The Canucks Will Be in a Cap Crunch if They Mismanage Any More Situations

There has been plenty of chatter lately about the Brock Boeser contract and for good reason, training camp is approaching and one of the Vancouver Canucks’ young stars is not yet signed. The bargaining table has gone cold according to sources in touch with Octagon Hockey and Boeser’s camp but this Boeser contract isn’t the problem. The big picture is that this Canucks team could be in a cap crunch unless they are almost perfect with handling contract situations over the next 10 months.

Jim Benning has committed big money to free agents these past few offseasons and if he makes any more mistakes it could result in the team being in an extreme cap crunch with some important restricted and unrestricted free agents to sign next offseason. It’s possible but at the same time unlikely that all of the next handful of contract situations fall Jim Benning’s way, here’s how it can happen.

It’s Possible

Before we get started, huge shoutout to PuckPedia for their great work making all of this readily available to the public.

Ok, it’s time to play with some hypotheticals, I want to show that if the best case scenarios happen for the Vancouver Canucks then it is possible that the team stays out of cap trouble next season and can get to 2021-22 where we will see the $24 million dollars come off the books just in time to sign Pettersson and Hughes and only be one year away from seeing the end of Loui Eriksson’s six million dollar cap hit.

We’re also going to be setting the 2020-21 Salary Cap at $83 million dollars, it’s a rough estimate but a generous one at that. 

Let’s start with the dead money in 2020-21: Ryan Spooner’s buyout, Roberto Luongo’s recapture penalty and the two buried contracts of Jalen Chatfield and Loui Eriksson will be costing the Vancouver Canucks $9.116 million dollars. Moving the Loui Eriksson contract would be the perfect scenario but just from personal beliefs I do not believe that it is possible to move that contract without moving a top 50 draft pick or one of the Canucks’ top prospects so I believe it’s better to let the contract fade in Utica unless he is able to turn it around this season and be a bottom six contributor.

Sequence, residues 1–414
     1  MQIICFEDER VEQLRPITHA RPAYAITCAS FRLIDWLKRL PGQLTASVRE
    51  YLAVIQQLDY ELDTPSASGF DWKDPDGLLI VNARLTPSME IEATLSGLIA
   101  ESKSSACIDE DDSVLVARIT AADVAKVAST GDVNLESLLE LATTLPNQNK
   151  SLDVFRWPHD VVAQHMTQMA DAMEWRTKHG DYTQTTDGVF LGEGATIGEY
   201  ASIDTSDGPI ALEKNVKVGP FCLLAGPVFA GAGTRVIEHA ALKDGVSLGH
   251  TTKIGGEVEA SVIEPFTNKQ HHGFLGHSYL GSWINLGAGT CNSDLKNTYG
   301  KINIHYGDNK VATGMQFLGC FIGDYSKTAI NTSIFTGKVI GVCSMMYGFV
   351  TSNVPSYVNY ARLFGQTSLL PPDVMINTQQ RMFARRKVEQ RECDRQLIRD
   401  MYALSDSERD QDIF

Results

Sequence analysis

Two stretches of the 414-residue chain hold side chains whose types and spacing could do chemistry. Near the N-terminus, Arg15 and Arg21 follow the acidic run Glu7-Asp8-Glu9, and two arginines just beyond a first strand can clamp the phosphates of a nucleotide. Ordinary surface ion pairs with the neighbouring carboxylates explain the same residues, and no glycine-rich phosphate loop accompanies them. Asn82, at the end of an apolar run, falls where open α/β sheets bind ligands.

To assume that Jim Benning doesn’t make any mistakes here are the contracts that he will have to make happen:

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Adam Gaudette 1.25$ x 2 years
Jake Virtanen 1.5$ x 2 years
Brock Boeser 7.25$ x 3 years
Josh Leivo 1.3$ x 2 years

For Adam Gaudette to receive a $1.25 million dollar contract over two years doesn’t seem too out of reason, if he is able to take a leap and become a full time NHL centre then he will likely deserve a bit of a raise but unless he is a mid-tier NHL third line centre throughout next season he should likely only be getting a pay bump of a few hundred thousand.

Jack Virtanen is next and to believe that he is possible to extend for two seasons with a 250,000 dollar raise is believable if he isn’t to have his breakout season in 2019-20 like all Canucks fans crave so badly. With a shotgun count under 14 this season he could be in line for something similar to a 1.5 million dollar contract for a two year extension.

Josh Leivo could find himself battling for a position on the team in camp this year but he is able to play up and down the lineup and landing a 2 year contract at an average annual value of 1.3 million dollars is a good deal for an ideal 13th forward.

The final signing is Brock Boeser, coming in on a 3 year bridge deal signed between training camp and the regular season. The 7.25 million dollar cap hit over three seasons is probably something that the Boeser camp could be inclined to sign as they draw closer to the season. When a reporter is reporting that the Boeser camp is not close at the bargaining table right now they are likely trying to use media tactics to show that they have the power but we have seen in the past as recent as last season with William Nylander that a long contract dispute can result in not only a tough season on the player but a loss for the team in the playoff stretch.